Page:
- Publisher: Europeye
- Edition: 2016.2
- Available in: Hardcopy Edition Coming Soon
- Published: December 5, 2016
FROM THE EDITORIAL DESK
BY JON CUNLIFFE
Since the crisis a vast amount of work has gone into ensuring that major cross-border banks are no longer too big to fail. This paper summarises that work, describing progress made in developing resolution regimes and resolvable bank structures in the major banking jurisdictions, in providing incentives to those jurisdictions to cooperate in resolving failed banks and in requiring banks to have enough loss absorbing capacity to ensure that the answer to the question of “who pays?” when a major bank fails is no longer the taxpayer. The paper illustrates these issues by reference to the UK’s recently-published proposals on loss-absorbing capacity, which seek to link the quantum and quality of loss-absorbing capacity to the preferred resolution strategy for each bank. And the paper also emphasises that, notwithstanding the UK’s pending withdrawal from the EU, the UK will continue to cooperate with partners in the EU and elsewhere to ensure that global standards on bank resolution are respected and to promote robust arrangements to deal with the failure of large cross-border banks.
BY EMILIOS AVGOULEAS AND CHARLES GOODHART
Bail-ins could prove an effective way to replace the unpopular bail-outs. In the EU the doom-loop between bank and sovereign indebtedness left governments with a major conundrum. Thus, the EU resolution regime requires the prior participation of bank creditors in meeting the costs of bank recapitalisation before any form of public contribution is made. But, there is a danger of over-reliance on bail-ins. Bail-in regimes will not remove the need for public injection of funds, unless the risk is idiosyncratic. This suggestion raises concerns for banks in the periphery of the euro-area, which present very high levels of non-performing assets, crippling credit growth and economic recovery. To avoid pushing Eurozone banks with high NPL levels into bail-in centred recapitalisations, we have considered the benefits from and legal obstacles to the possible establishment of a euro-wide fund for NPLs that would enjoy an ESM guarantee. Long-term (capped) profit-loss sharing arrangements could bring the operation of the fund as close to a commercial operation as possible. Cleaning up bank balance sheets from NPLs would free up capital for new lending boosting economic recovery in the periphery of the Eurozone.
BY CHRISTOS HADJIEMMANUIL
Shortly after the default of Lehman Brothers in 2008 several Irish banks faced acute funding problems. In order to avoid a systemic crisis the Irish government extended a wide-ranging guarantee to its banks. As credit losses mounted in tandem with deteriorating economic conditions, the solvency of the Irish State itself became threatened and eventually compelled Ireland to enter an EU-IMF Programme of Assistance. This paper discusses the alternatives available to European policymakers regarding the regulatory treatment of banks’ sovereign exposures in light of the Irish crisis. Of the various reform options, strict exposure limits seems to be the only regulation that would have materially affected Ireland’s crisis management. However, it is doubtful whether consensus on reform can be achieved.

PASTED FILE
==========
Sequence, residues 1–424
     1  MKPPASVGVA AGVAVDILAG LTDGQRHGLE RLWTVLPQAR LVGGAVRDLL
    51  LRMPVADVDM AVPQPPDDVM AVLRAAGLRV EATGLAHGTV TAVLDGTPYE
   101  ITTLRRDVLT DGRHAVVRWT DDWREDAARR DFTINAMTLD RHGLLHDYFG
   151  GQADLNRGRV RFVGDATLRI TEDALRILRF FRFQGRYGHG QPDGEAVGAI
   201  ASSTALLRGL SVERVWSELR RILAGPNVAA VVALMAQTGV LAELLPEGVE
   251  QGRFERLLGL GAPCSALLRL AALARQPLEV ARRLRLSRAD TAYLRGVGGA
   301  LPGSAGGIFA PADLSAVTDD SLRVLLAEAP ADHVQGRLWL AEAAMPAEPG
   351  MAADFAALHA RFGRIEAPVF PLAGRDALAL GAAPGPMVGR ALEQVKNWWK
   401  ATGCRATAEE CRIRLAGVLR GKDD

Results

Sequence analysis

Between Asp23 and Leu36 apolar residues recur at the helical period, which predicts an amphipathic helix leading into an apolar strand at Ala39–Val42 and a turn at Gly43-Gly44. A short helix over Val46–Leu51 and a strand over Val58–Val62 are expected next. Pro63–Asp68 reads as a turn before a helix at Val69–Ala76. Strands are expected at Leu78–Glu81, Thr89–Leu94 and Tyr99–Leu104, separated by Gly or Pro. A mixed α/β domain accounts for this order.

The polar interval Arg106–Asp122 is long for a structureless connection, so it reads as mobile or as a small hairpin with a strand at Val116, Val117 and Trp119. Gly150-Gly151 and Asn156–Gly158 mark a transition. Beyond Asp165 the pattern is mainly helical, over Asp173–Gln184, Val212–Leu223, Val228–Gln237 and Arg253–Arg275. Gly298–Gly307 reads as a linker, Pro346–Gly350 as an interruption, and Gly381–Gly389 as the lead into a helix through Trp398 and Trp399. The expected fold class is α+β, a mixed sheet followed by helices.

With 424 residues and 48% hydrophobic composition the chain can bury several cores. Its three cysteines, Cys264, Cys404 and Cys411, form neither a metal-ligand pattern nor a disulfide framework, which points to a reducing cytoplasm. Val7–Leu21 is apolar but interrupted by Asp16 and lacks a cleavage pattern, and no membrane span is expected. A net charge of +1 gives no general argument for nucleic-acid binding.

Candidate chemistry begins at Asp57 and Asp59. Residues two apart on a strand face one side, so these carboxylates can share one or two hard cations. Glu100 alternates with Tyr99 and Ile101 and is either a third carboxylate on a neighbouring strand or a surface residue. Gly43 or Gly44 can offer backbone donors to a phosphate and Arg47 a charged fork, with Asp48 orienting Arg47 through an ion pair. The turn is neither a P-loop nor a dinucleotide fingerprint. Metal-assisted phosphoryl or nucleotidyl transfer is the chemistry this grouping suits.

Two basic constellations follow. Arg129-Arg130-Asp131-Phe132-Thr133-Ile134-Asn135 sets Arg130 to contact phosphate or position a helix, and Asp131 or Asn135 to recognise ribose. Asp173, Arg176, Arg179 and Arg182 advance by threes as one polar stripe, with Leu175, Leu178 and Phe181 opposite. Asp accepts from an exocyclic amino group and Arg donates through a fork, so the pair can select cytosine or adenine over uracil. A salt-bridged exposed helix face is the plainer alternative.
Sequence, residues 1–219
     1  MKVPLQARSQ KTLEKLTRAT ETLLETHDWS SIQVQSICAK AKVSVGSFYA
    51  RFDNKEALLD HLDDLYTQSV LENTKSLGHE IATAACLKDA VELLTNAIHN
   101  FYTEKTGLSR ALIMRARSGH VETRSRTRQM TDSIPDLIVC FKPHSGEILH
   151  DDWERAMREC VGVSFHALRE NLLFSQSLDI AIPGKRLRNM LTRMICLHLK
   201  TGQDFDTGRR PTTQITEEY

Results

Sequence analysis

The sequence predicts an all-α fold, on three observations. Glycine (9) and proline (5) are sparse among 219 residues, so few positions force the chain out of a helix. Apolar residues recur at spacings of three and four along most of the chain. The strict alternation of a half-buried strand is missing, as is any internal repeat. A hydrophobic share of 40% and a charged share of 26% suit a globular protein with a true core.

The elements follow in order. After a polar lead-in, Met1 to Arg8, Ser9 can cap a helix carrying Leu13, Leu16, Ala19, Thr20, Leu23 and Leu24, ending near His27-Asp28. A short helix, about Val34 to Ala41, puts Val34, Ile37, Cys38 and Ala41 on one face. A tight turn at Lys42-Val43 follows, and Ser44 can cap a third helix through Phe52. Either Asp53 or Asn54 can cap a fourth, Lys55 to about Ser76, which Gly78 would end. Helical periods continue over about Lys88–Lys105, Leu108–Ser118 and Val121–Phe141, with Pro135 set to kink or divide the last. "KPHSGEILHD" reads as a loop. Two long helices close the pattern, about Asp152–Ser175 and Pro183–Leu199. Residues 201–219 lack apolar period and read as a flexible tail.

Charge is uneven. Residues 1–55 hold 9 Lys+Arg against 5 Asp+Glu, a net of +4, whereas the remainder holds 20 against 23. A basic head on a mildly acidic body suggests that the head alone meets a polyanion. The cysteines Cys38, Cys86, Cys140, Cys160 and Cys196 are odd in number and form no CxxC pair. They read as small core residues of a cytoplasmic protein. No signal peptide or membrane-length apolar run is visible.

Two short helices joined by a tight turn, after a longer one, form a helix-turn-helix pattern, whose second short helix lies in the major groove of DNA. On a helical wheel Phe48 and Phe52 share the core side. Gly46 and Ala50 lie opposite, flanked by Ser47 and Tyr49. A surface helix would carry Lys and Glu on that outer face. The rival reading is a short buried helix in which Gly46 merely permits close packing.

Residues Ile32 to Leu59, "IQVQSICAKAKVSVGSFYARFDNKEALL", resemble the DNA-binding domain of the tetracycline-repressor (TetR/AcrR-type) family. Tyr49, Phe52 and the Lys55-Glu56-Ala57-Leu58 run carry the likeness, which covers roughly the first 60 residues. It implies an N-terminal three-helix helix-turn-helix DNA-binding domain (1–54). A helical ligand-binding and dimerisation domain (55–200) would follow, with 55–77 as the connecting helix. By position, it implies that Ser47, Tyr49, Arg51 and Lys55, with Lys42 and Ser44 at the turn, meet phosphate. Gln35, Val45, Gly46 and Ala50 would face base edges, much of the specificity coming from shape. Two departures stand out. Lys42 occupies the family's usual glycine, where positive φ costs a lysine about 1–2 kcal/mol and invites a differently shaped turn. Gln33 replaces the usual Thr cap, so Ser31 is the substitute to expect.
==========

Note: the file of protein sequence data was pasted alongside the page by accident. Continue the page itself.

BY DOMINIQUE LABOUREIX AND VINCENT DECROOCQ
The third leg of European banking union, the common deposit insurance scheme, has been postponed until an unspecified reduction in bank risk has been achieved. A reduction in banks’ domestic sovereign exposure has (mostly rightly) been identified as an objective, potentially via risk-weighting sovereigns. However, risk-weighting sovereigns is the wrong way to go because it both undermines the most fundamental concepts of government and governance (trust), and would build a strongly pro-cyclical element into policy making. There are simpler and better ways to achieve standardised limits on banks’ exposure to sovereigns.
BY MARÍA J. NIETO
During the euro debt crisis, banks’ holdings of domestic sovereign debt amplified the transmission of sovereign stress to bank lending and solvency risk in stressed countries. Yet, current proposals to reform European banking regulation of bank sovereign exposures meet with obstacles, some structural–namely, the scarcity and asymmetric provision of safe assets–and others transitional–chiefly the danger that regulatory change may trigger instability in the sovereign debt market. But both types of obstacles can be overcome by introducing a synthetic security resulting from the securitization of euro-area sovereign debt — European Safe Bonds, or ESBies — and by providing regulatory incentives for banks to replace domestic debt holdings with this security.